I’ve been quiet on the blogging and social media front recently as I have been busy with purchasing a condo, getting financing in the post-financial crisis world, and then packing, moving, settling in — all during a killer rash of hot weather. This was my first home purchase, and my most significant experience dealing with professional service professionals — the real estate lawyer, the mortgage professional and the real estate agent — and, it wasn’t good. All shall remain nameless. And in the interest of saving you from a long, dull tail of woe, let me just summarize it briefly.
The whole experience was a real-life reminder of how real-world professionals seem to lose sight of the fact that this is my biggest transaction in life so far. This is very important to me. I’ve never done it before, and your job is to get it done seamlessly, with my comfort level intact, and with the impression that this is important to you as well.
In the modern world of the mortgage approval process, I dealt with people by e-mail, fax and telephone — never a real person in real life. Processes were cumbersome, repetitive, and misinterpreted. Documents had errors were incomplete, and deadlines were missed, more than once. Even my lawyer didn’t want to see me until the closing. And everyone talked in industry jargon and legalese. No relationships were made (with the exception of the real estate agent, who was a real person who responded when called upon). It was merely a transaction in which I was the grist for the mill.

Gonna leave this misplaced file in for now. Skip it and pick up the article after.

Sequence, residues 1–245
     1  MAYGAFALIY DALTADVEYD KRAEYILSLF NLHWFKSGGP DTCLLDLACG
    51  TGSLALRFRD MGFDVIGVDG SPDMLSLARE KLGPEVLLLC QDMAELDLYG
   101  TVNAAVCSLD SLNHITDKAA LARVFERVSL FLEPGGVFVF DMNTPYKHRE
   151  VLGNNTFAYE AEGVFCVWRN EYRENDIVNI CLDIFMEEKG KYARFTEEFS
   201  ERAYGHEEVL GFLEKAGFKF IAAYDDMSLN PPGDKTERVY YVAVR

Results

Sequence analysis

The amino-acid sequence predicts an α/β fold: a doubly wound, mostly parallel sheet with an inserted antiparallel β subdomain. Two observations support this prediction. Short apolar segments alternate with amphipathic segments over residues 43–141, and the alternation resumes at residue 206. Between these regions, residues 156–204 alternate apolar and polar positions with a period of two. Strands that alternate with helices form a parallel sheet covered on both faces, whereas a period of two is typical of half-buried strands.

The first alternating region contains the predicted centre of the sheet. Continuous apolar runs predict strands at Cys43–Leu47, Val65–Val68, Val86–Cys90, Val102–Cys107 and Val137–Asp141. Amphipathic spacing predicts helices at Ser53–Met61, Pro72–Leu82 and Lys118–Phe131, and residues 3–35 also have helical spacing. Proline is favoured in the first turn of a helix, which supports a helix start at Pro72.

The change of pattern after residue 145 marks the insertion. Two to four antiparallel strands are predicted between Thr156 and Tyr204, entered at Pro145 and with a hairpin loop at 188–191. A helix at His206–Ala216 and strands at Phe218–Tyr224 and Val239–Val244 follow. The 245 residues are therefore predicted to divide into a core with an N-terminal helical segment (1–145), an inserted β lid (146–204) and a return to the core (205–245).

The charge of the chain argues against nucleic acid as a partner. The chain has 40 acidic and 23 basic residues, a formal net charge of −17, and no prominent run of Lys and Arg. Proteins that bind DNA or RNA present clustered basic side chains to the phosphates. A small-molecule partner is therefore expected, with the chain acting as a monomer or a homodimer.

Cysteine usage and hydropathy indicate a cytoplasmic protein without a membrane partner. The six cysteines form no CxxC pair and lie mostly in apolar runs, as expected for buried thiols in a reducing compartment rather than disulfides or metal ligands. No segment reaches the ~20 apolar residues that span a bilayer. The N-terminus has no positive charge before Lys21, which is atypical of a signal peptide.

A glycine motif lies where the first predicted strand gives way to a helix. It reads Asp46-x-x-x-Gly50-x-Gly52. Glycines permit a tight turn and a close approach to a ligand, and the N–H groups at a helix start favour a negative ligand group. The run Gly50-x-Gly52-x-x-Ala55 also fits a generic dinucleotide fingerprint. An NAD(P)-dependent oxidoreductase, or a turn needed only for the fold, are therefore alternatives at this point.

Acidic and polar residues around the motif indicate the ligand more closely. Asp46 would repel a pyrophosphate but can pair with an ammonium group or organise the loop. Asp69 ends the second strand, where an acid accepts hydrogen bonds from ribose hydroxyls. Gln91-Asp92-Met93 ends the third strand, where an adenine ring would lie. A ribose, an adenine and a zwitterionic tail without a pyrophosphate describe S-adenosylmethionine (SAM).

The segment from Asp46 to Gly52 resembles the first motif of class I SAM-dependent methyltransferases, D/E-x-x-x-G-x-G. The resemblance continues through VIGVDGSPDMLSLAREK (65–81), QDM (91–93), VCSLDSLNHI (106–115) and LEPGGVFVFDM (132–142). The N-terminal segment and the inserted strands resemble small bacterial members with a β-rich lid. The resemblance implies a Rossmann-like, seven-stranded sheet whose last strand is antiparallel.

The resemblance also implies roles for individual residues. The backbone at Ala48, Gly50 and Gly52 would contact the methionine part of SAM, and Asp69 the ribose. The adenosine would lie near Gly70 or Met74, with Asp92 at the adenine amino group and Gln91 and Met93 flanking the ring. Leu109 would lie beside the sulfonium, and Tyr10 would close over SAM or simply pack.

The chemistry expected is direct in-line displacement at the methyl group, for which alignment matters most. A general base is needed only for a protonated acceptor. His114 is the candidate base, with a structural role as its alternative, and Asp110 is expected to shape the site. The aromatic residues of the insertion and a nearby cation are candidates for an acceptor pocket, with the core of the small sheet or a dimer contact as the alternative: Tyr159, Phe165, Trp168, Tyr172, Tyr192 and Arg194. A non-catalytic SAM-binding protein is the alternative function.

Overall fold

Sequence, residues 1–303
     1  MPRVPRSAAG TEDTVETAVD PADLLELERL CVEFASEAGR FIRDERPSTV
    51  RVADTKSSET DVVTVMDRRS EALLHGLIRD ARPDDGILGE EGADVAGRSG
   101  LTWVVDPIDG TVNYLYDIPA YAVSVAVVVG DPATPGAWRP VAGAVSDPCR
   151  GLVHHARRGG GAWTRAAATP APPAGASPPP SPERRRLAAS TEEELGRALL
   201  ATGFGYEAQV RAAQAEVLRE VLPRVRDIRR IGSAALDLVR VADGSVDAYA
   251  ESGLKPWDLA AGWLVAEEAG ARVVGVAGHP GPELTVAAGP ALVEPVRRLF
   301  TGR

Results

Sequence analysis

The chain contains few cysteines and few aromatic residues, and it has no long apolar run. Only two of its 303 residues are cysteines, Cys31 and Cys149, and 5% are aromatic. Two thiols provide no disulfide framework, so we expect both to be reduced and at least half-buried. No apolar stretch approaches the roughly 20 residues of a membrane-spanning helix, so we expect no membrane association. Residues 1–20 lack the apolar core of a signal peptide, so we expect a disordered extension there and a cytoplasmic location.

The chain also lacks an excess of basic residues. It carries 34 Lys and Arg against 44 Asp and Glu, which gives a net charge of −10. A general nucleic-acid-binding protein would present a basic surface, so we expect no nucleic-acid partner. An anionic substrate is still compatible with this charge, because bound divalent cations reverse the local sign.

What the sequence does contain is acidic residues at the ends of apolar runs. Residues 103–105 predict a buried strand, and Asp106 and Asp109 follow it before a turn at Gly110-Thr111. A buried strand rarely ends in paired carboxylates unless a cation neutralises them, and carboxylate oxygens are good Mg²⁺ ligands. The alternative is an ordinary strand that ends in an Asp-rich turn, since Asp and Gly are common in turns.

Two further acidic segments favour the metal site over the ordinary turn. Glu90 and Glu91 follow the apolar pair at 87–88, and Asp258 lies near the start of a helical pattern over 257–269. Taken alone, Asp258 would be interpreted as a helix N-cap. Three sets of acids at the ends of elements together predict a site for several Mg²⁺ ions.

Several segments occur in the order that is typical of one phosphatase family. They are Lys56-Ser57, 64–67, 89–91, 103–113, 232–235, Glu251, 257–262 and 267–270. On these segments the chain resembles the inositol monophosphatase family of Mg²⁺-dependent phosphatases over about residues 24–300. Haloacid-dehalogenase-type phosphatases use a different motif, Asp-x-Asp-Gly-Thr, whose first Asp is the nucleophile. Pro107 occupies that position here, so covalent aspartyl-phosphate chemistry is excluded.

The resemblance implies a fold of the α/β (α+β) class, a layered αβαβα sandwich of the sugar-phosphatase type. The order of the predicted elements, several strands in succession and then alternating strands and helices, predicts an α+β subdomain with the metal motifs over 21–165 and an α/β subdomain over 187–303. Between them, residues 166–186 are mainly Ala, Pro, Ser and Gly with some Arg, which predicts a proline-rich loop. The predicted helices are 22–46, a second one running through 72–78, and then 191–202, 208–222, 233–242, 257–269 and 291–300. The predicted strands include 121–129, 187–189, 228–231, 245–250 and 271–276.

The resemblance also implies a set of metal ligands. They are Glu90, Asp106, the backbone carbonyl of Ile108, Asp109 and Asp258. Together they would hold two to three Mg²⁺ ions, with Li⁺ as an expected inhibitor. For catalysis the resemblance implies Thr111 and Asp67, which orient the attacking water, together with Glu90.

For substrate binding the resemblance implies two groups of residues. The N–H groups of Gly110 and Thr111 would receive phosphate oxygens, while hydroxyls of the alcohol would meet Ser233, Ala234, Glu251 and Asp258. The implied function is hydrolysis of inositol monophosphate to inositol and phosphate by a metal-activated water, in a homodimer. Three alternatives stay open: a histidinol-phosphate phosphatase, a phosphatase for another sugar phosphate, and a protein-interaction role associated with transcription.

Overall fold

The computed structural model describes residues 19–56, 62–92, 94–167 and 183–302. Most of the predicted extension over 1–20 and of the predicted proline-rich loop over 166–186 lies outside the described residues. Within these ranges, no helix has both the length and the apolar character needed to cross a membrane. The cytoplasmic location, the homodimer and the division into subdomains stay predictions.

No one ever offered the: “here’s what’s going to happen, this is what you can expect, here’s a document to help you understand the process.” Not even a “check this page on our web site for more information.” The tagline on the bank’s emails was a clever play on words about how important the customer is. Ha!
Professionals beware. It’s old hat to you… but it’s often the most important thing in your customer’s life. Treat it that way and you will be remembered. I realize that a personal meeting at the start of the process (with both the mortgage broker and the real estate lawyer) to describe what will happen is likely time consuming, but it would have changed the experience from a faceless gauntlet of hoops to jump through and mysteries to unravel, into a personal/professional relationship with a much greater chance for satisfaction and referral.
Living and working in the realm of professional services marketing, there is much lip service to all the proper behaviors. But how do we make sure that we don’t just talk the talk, but actually walk the walk? A good reminder for me. How about you?